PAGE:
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Child Protective Services Has Outlived Its Usefulness

Child Protective Services Has Outlived Its Usefulness EDITORIAL Child Protective Services Has Outlived Its Usefulness HE CONCEPT OF CHILD PROTECTIVE SER- the number of reported cases of physical and sexual abuse vices (CPS) was idealistic when it first came has fallen, the number of neglect cases has remained rela- into being in the early 1970s. Following tively level and now constitutes almost three-quarters of the lead of Henry Kempe and colleagues cases reported to CPS. The types of substantiated mal- T at the University of Colorado, pediatric treatment in 758 289 children reported in 2008 were ne- centers began putting together multidisciplinary teams glect, 73%; physical abuse, 16%; psychological maltreat- to evaluate infants and children with suspected inflicted ment, 7%; sexual abuse, 9%; and other, 9%. (The injuries. Initially the task of identifying nonaccidental percentages exceed 100% because some victims experi- trauma was relatively straightforward because it was the enced more than 1 type of maltreatment.) classic “battered child” that was among most frequent di- How has CPS responded to these changed responsi- agnoses. (That is, the classic picture was an infant or child bilities? Not well, according to the study by Campbell with multiple fractures incurred at varying ages, often co- and colleagues in this http://www.deepdyve.com/assets/images/DeepDyve-Logo-lg.png JAMA Pediatrics American Medical Association

Child Protective Services Has Outlived Its Usefulness

JAMA Pediatrics , Volume 164 (10) – Oct 1, 2010

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Publisher
American Medical Association
Copyright
Copyright 2010 American Medical Association. All Rights Reserved. Applicable FARS/DFARS Restrictions Apply to Government Use.
ISSN
2168-6203
eISSN
2168-6211
DOI
10.1001/archpediatrics.2010.175
pmid
20921359
Publisher site
See Article on Publisher Site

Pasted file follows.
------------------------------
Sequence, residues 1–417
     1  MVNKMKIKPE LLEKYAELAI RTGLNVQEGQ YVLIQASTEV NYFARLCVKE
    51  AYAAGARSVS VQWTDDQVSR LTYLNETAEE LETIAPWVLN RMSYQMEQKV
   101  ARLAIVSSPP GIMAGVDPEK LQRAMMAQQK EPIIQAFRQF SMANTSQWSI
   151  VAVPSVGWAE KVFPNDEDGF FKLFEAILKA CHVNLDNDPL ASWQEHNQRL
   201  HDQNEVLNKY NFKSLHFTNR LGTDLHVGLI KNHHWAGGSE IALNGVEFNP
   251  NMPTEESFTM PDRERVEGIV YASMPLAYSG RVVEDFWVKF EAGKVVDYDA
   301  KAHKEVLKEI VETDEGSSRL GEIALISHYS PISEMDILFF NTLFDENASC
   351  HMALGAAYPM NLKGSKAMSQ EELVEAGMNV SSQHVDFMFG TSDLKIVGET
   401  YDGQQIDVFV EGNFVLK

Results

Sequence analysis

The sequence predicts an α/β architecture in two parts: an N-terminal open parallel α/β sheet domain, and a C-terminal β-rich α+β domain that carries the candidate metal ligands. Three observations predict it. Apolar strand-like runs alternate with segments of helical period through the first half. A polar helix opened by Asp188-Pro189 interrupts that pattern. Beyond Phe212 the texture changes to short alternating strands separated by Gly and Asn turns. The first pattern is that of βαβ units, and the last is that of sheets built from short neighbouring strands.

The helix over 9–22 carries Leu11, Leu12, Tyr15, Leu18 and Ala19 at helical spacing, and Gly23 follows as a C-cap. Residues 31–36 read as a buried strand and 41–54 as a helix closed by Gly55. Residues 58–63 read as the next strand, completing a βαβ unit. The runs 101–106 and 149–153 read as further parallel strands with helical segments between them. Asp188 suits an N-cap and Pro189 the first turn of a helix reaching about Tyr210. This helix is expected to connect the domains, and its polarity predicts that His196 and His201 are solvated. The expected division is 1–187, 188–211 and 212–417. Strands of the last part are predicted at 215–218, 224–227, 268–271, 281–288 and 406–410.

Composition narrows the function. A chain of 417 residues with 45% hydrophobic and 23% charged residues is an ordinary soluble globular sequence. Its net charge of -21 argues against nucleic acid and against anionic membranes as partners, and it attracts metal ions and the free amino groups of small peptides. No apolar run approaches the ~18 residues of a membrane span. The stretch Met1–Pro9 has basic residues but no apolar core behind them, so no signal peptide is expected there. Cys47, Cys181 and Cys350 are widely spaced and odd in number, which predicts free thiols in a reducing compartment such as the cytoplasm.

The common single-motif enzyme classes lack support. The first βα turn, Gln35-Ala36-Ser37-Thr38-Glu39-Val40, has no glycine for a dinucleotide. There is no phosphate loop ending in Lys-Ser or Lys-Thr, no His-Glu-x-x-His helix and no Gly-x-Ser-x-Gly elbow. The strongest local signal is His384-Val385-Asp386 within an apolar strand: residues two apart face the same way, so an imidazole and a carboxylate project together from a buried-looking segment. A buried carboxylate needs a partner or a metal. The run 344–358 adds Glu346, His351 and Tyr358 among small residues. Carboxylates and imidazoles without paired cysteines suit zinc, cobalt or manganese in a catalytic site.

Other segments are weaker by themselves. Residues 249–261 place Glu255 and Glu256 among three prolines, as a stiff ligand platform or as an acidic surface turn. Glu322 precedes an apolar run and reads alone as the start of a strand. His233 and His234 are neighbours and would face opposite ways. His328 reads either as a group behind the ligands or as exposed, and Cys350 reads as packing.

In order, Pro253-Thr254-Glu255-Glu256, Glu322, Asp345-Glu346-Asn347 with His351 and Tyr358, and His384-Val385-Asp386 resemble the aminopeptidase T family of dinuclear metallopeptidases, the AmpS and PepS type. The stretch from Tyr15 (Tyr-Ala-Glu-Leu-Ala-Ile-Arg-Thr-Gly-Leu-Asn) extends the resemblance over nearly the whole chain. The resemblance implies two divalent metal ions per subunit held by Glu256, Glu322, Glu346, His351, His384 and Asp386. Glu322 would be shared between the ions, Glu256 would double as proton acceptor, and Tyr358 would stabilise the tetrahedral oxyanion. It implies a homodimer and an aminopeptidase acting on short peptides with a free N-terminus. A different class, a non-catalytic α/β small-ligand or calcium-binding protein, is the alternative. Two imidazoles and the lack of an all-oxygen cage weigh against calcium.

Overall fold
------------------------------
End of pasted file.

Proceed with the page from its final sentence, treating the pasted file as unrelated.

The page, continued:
Abstract

EDITORIAL Child Protective Services Has Outlived Its Usefulness HE CONCEPT OF CHILD PROTECTIVE SER- the number of reported cases of physical and sexual abuse vices (CPS) was idealistic when it first came has fallen, the number of neglect cases has remained rela- into being in the early 1970s. Following tively level and now constitutes almost three-quarters of the lead of Henry Kempe and colleagues cases reported to CPS. The types of substantiated mal- T at the University of Colorado, pediatric treatment in 758 289 children reported in 2008 were ne- centers began putting together multidisciplinary teams glect, 73%; physical abuse, 16%; psychological maltreat- to evaluate infants and children with suspected inflicted ment, 7%; sexual abuse, 9%; and other, 9%. (The injuries. Initially the task of identifying nonaccidental percentages exceed 100% because some victims experi- trauma was relatively straightforward because it was the enced more than 1 type of maltreatment.) classic “battered child” that was among most frequent di- How has CPS responded to these changed responsi- agnoses. (That is, the classic picture was an infant or child bilities? Not well, according to the study by Campbell with multiple fractures incurred at varying ages, often co- and colleagues in this

Journal

JAMA PediatricsAmerican Medical Association

Published: Oct 1, 2010

References